If the situation gets worse, forests could actually start emitting carbon, instead of absorbing it, says Dr. Anthony Horton.
The number of growth days for plants could decrease by 11% by 2100 if only limited action is taken to address climate change, according to a study which was a collaboration by the Universities of Hawaii and Montana and recently published in PLOS Biology.
A number of variables determine plant growth, and the extent to which climate change affects that growth is attracting considerable research attention which is focused on a number of plant species and food crops. According to the study, a 7% reduction in the average number of freezing days will assist plant growth, however extreme temperatures, lower water availability and changes in soil conditions will make it harder for many plants to survive.
Lower growth would eventually completely destroy forests and fundamentally alter the habitats upon which many species rely for survival. If the situation gets significantly worse, forests could essentially reverse their ecological role of absorbing carbon and emit it, further exacerbating climate change, according to the study’s lead author Camilo Mora from the University of Hawaii.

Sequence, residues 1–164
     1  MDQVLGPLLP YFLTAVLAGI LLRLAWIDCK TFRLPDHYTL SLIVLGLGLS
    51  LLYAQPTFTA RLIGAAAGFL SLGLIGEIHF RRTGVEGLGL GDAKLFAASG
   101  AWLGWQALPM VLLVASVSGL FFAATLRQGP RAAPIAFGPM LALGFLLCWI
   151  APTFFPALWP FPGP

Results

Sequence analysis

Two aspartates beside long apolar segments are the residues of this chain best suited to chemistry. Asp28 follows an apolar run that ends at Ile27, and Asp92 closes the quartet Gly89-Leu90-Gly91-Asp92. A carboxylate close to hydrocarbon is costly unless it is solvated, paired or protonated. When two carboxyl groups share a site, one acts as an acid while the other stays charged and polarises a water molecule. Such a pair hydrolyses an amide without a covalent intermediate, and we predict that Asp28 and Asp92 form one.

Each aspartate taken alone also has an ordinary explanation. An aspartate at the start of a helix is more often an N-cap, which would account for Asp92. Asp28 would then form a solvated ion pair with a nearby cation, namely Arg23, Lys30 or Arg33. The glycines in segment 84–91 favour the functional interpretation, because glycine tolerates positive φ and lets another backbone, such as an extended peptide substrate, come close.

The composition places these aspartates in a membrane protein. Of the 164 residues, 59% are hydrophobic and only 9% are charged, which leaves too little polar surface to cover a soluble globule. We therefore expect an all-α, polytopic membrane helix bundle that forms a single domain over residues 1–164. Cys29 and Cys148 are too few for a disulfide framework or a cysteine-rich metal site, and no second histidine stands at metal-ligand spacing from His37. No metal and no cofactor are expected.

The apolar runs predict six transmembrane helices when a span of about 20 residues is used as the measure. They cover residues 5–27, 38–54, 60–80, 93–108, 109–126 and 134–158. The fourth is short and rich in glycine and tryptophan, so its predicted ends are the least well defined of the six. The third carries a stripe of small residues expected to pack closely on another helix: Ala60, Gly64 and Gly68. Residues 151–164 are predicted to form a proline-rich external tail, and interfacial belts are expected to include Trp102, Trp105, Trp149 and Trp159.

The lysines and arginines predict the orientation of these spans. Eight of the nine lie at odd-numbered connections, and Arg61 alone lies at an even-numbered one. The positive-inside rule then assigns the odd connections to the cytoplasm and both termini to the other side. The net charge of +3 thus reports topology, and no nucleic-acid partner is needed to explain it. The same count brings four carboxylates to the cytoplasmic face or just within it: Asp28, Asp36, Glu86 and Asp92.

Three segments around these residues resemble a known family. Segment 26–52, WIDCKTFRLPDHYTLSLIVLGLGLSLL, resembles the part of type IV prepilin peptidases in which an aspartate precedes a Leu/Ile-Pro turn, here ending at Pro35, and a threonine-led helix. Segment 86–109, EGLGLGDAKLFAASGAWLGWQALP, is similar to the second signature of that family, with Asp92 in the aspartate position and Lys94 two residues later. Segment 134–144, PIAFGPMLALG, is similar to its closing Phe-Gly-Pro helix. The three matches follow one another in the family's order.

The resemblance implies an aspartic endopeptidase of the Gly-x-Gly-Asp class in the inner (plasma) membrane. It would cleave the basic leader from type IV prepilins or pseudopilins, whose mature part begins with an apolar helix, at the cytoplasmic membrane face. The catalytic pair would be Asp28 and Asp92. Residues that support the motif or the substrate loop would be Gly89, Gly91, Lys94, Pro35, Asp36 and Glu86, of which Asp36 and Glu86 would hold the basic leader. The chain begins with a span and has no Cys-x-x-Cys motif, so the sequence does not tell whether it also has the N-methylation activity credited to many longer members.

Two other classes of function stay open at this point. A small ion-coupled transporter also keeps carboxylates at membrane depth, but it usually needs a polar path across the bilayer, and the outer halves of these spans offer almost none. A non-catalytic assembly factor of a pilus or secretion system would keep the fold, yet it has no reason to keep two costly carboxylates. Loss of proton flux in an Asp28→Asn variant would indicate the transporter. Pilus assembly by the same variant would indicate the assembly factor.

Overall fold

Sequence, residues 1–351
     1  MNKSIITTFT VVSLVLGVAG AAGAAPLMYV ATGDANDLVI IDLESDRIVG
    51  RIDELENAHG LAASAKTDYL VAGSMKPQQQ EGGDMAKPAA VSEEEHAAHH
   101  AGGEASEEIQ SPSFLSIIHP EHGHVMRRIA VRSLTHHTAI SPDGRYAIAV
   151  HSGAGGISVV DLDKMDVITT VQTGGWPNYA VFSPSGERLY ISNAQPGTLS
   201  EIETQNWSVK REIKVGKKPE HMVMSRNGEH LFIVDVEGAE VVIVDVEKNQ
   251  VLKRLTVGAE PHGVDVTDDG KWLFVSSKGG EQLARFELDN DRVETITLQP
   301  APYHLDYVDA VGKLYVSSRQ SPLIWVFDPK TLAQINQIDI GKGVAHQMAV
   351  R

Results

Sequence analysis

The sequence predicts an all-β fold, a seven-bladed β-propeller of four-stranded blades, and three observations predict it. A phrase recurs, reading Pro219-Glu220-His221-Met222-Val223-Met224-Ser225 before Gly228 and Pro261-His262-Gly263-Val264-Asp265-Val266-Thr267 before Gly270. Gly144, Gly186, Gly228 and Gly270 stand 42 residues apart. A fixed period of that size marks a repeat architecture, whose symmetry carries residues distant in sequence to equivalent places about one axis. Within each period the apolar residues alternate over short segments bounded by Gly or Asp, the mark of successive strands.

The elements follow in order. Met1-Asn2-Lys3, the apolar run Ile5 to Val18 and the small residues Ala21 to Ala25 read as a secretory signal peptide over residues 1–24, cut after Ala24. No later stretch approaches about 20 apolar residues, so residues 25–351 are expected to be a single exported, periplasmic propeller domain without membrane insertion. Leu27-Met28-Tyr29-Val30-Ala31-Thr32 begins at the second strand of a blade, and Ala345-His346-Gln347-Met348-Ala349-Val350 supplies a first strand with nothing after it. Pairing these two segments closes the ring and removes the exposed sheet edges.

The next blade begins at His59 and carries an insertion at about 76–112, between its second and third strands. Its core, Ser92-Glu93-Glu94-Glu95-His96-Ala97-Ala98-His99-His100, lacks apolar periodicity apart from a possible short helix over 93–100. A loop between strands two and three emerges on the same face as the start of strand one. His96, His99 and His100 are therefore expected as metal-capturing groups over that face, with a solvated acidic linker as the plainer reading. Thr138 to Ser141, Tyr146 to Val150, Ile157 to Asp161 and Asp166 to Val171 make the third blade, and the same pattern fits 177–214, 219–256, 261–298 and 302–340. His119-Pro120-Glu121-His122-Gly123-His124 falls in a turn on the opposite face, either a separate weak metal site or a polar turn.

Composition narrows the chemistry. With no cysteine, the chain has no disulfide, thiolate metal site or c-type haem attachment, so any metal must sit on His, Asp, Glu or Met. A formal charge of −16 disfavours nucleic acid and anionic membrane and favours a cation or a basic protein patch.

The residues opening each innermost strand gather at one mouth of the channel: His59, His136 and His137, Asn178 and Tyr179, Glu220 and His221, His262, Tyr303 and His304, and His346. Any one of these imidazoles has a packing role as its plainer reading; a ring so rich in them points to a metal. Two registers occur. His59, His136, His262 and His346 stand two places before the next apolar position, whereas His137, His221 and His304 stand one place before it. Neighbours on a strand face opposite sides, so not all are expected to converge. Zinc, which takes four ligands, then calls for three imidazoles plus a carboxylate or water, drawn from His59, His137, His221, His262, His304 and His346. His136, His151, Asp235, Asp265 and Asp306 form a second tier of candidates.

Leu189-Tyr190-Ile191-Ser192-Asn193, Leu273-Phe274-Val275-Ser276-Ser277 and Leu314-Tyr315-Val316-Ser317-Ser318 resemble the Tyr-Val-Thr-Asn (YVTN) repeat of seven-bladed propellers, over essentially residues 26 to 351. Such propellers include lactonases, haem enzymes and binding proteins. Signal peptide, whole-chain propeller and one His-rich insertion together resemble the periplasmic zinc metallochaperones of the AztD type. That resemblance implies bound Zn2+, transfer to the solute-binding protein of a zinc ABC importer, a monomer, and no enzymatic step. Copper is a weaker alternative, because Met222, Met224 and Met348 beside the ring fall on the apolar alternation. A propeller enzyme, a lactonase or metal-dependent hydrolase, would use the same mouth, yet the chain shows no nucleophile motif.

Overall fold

The effects of climate change on plant growth will vary by region according to the study, with Russia, China and Canada having more growing days available for plants, however hot tropical regions could lose up to 200 growing days per year. The study estimated that 3.4 billion people would live in locations that lose approximately one-third of their growing days, and more than 2 billion of those people live in low income countries. The researchers acknowledged that these findings represented a worst case scenario and that with moderate efforts by all nations, plant life worldwide will be less vulnerable.